No-one likes to talk about death or money, which makes inheritance tax (IHT) something of a no-go convo around the dinner table, but avoid the subject forever and the first you’ll hear of it is a whopping bill.
Perhaps you, or your parents, would like to give 40% of your estate to the tax man, but if you’re with the other 99% of us, you’ll want to start thinking now about how to cut that bill.
The experts at Oxfordshire-based Wise Investment have helped lots of people-like-us manage their estate (that’s to say, you don’t need a Georgian manor house and several trust funds to apply), so I asked them to tell us in plain English what we need to do and I’m about to share their wisdom with you (in return, just give me a flat rate of 15% of what you own, I’m not greedy).
1/ SPEND IT
Now this I can do… Apparently the simplest way to reduce the value of your estate and potential IHT bill is to enjoy the money. You’ve worked hard to accumulate your wealth so why not go ‘SKIing’ (Spending the Kids Inheritance if you’re not familiar with that adrenalin sport.). But before you nab that Paris pied-a-terre or antique bronze bust, hold a beat – buying appreciable assets such as property, antiques and collectables just shifts the value and could hike your bill even higher. Instead, spend money on what’s called depreciating or wasting assets such as cars or on goods and services like entertainment and holidays (hello, Antigua!), which immediately lose their monetary value. Just tell the kids you’re making memories in the process… with or without them!
2/ GIFT IT
Giving your money away is another way of reducing your estate. Sounds easy enough, hey? Not so fast Robin Hood… In the case of your parents spending their money or you spending yours, there are limits – £3,000 a year to be precise, plus smaller gifts up to £250, marriage gifts and gifts that come out of regular income can also be made. It’s satisfying as you can see your money being enjoyed, but that said, anything given within seven years of dying will be taxed, albeit at a sliding scale for the first four years. It doesn’t have to be an envelope of cash – there are also clever ways to gift like trusts where the interest is outside of the estate and retained for the beneficiaries.
3/ SHELTER IT
No – we’re not talking the Cayman Islands… There are ways to invest your money that IHT can’t touch – pensions don’t form part of your estate, so max out on these. Plus, if you need the money (that plush retirement home won’t pay for itself) it’s right there. There are also various investments that you can make which dodge IHT after 2 years including AIM (Alternative Investment Market) shares (albeit with the rollercoaster ride of surfing the stock market) and investments in fields like renewable energy, which is less volatile thanks to government subsidies, or certain property investments.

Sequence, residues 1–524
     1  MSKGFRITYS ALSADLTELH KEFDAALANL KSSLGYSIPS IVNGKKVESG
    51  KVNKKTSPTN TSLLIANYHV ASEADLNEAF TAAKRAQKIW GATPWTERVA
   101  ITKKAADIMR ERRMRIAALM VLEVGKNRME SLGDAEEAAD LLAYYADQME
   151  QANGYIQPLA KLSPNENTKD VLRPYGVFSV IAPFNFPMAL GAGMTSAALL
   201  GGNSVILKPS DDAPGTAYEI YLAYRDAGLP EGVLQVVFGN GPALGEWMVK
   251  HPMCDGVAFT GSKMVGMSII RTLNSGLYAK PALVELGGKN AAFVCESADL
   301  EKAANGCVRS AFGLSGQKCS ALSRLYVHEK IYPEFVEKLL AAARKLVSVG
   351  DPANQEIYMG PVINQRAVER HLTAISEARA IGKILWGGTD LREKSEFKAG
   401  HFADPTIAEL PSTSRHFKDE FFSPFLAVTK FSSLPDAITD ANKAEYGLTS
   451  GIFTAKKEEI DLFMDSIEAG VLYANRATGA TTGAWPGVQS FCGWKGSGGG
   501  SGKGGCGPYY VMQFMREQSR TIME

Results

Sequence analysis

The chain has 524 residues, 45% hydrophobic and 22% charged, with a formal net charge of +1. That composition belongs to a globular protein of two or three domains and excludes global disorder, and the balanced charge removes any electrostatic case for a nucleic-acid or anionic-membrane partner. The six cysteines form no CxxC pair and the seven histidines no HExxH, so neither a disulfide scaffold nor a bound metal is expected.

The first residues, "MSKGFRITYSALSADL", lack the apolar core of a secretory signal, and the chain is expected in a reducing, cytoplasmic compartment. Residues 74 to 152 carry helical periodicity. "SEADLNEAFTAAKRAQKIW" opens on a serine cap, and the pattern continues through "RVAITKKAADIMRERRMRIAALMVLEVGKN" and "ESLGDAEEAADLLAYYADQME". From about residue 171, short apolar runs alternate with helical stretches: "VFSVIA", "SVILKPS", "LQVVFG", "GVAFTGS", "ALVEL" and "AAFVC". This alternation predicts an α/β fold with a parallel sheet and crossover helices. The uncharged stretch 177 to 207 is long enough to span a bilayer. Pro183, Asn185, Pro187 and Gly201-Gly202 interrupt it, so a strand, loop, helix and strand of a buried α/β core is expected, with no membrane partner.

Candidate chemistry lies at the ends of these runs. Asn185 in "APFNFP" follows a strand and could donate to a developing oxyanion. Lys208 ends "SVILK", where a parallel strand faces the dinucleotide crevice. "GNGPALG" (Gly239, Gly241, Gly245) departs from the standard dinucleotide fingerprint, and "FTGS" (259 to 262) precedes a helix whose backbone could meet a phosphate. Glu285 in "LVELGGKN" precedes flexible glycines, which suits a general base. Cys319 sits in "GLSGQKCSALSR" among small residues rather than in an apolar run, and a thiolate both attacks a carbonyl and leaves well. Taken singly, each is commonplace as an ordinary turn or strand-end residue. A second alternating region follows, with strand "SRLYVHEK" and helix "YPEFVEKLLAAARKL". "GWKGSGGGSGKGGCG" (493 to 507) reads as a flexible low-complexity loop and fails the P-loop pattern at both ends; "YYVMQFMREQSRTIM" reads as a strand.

4/ INSURE IT
You can take out a whole life insurance policy which would pay a lump sum out into trust. The trust fund can then be used to pay the IHT bill. Or your cash and other assets are used to pay the bill and the funds preserved in the trust. It’s not black-and-white though – the premiums can be pricey, particularly if you suffer health issues as you get older. Investing as a couple lowers the risk and the premiums, but not entirely. As with all IHT planning, there’s a balance between providing for yourselves, your beneficiaries, and minimising tax.
It’s good to know what you’re in line for being you start spending, gifting, sheltering and so on – IHT is paid on anything that’s inherited above the value of £325,000, with an extra £175,000 if you’re passing on your home to a direct descendant. Where a married couple jointly owns a family home and wants to leave it to their children, for example, the total IHT exemption would be a cool £1m. That’s little comfort to unmarried couples, those who are single, or those with no direct descendants, so the best thing is to be on the front foot and get planning.
More info on Oxfordshire-based Wise Investment.
Want even more financial wizardry? Read Five mistakes you’re probably making with your pension
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